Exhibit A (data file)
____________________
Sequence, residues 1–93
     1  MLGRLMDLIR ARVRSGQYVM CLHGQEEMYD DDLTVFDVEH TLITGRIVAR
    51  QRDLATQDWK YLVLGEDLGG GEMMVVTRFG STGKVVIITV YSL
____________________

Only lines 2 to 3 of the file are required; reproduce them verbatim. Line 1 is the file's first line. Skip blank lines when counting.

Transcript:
     1  MLGRLMDLIR ARVRSGQYVM CLHGQEEMYD DDLTVFDVEH TLITGRIVAR
    51  QRDLATQDWK YLVLGEDLGG GEMMVVTRFG STGKVVIITV YSL